Sect. 5. i. If this be not soundly believed, a man must live besides, or below, the end of life. He must have a false end, or be uncertain what should be his end.

I know it may be objected, that if I make it my end to please God, by obeying him, and doing all the good I can, and trust him with my soul, and future estate, as one that is utterly uncertain what he will do with me, I have an end intended, which will make me godly, charitable, and just, and happy, so far as I am made for happiness ; for the pleasing of God is the right end of all.

But, 1. Must I desire to please him no better than I do in this imperfect state, in which I have and do so much which is displeasing to him? He that must desire to please him, must desire to please him perfectly; and our desire of our ultimate end must have no bounds, or check. Am I capable of pleasing God no better than by such a sinful life as this?

2. God hath made the desire of our own felicity so necessary to the soul of man, that it cannot be expected that our desire to please him should be separated from this.

3. Therefore, both in respect of God, as the end, and of our felicity, as our second end, we must believe that he is the beatifying rewarder of them that diligently seek him.

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For, 1. If we make such an ill description of God, as that he will turn our pleasing him to our loss, or will not turn it to our gain and welfare, or that we know not whether he will do so or not, it will hinder our love, and trust, and joy, in him, by which we must please him, and, consequently, hinder the alacrity, and soundness, and constancy, of our obedience.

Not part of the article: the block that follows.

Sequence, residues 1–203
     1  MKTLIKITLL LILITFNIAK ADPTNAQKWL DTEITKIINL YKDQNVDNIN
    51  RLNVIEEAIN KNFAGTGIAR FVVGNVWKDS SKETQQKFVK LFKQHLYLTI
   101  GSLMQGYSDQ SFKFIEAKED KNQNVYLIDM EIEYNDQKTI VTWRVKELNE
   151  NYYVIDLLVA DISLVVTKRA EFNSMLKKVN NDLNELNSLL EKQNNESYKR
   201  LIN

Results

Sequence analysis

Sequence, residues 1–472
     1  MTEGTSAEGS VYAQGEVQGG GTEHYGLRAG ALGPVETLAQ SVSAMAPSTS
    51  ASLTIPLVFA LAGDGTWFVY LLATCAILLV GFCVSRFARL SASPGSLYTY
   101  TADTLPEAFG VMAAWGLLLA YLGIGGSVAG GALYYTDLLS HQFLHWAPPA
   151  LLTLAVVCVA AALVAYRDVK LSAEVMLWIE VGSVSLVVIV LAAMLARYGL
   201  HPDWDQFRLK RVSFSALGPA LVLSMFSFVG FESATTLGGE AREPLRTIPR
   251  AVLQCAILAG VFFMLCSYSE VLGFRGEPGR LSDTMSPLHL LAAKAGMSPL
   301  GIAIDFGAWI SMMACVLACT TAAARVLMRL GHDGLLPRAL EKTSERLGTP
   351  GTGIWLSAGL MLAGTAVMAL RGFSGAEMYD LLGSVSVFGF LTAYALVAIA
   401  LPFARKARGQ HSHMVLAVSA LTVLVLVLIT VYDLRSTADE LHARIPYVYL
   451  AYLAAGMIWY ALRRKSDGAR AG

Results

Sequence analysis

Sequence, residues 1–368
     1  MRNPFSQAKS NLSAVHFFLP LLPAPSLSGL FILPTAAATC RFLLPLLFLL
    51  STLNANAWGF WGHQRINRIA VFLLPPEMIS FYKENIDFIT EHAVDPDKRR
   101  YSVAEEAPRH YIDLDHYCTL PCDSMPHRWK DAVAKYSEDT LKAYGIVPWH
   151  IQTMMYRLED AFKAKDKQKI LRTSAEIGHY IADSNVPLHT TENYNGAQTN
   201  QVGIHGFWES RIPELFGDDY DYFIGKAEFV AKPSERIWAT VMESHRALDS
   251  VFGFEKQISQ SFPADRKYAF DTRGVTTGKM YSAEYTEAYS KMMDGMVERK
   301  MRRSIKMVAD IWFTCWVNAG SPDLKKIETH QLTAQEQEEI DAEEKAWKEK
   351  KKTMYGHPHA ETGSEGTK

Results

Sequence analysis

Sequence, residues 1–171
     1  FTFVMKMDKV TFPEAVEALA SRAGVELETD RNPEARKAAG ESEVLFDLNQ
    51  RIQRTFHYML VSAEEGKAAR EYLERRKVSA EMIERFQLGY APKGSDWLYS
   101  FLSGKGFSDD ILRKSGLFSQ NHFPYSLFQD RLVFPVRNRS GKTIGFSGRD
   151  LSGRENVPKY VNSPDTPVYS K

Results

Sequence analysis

2. And it will much dismiss that self-love which must excite us, and it will take off part of our necessary end. And I think the objectors would confess, that if they have no certainty what God will do with them, they must have some probability and hope before they can be sincerely devoted here to please him.

Sect. 6. And, 1. If a man be but uncertain what he should make the end of his life, or what he should live for, how can he pitch upon an uncertain end? And if he waver so as to have no end, he can use no means; and if end and means be all laid by, the man liveth not as a man, but as a brute : and what a torment must it be to a considering mind to be uncertain what to intend and do in all the the tenor and actions of his life? Like a man going out at his door, not knowing whither or what to do, or which way to go: either he will stand still, or move as brutes do, by present sense, or as a windmill, or weathercock, as he is moved.

Sect. 7. 2. But if he pitch upon a wrong end, it may yet be worse than none; for he will but do hurt, or make work for repentance: and all the actions of his life must be formally wrong, how good soever, materially, if the end of them be wrong.

Sect. 8. ij. And if I fetch them not from this end, and believe not in God as a rewarder of his servants, in a better life, what motives shall I have, which in our present difficulties, will be sufficient to cause me to live a holy, yea, or a truly honest, life ? All piety and honesty, indeed, is good, and goodness is desirable for itself : but the goodness of a means is its aptitude for the end ; and we have here abundance of impediments, competitors, diversions, and temptations, and difficulties of many sorts; and all these must be overcome by him that will live in piety or honesty: and our natures, we find, are diseased, and greatly indisposed to unquestionable duties; and will they ever discharge them, and conquer all these difficulties and temp